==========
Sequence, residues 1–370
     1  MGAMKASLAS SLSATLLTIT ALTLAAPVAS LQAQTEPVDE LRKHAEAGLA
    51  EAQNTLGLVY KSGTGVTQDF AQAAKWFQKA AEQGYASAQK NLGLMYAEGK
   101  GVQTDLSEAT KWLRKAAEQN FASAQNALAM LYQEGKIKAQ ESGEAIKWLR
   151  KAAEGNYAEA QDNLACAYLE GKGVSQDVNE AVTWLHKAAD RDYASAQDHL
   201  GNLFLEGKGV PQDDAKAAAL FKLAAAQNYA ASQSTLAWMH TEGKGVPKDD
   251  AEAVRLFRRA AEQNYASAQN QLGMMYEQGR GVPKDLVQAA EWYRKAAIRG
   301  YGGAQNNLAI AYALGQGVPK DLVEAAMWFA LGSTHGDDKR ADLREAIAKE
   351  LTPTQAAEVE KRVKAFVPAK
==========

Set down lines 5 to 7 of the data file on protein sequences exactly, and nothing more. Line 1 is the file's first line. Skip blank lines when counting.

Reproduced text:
   151  KAAEGNYAEA QDNLACAYLE GKGVSQDVNE AVTWLHKAAD RDYASAQDHL
   201  GNLFLEGKGV PQDDAKAAAL FKLAAAQNYA ASQSTLAWMH TEGKGVPKDD
   251  AEAVRLFRRA AEQNYASAQN QLGMMYEQGR GVPKDLVQAA EWYRKAAIRG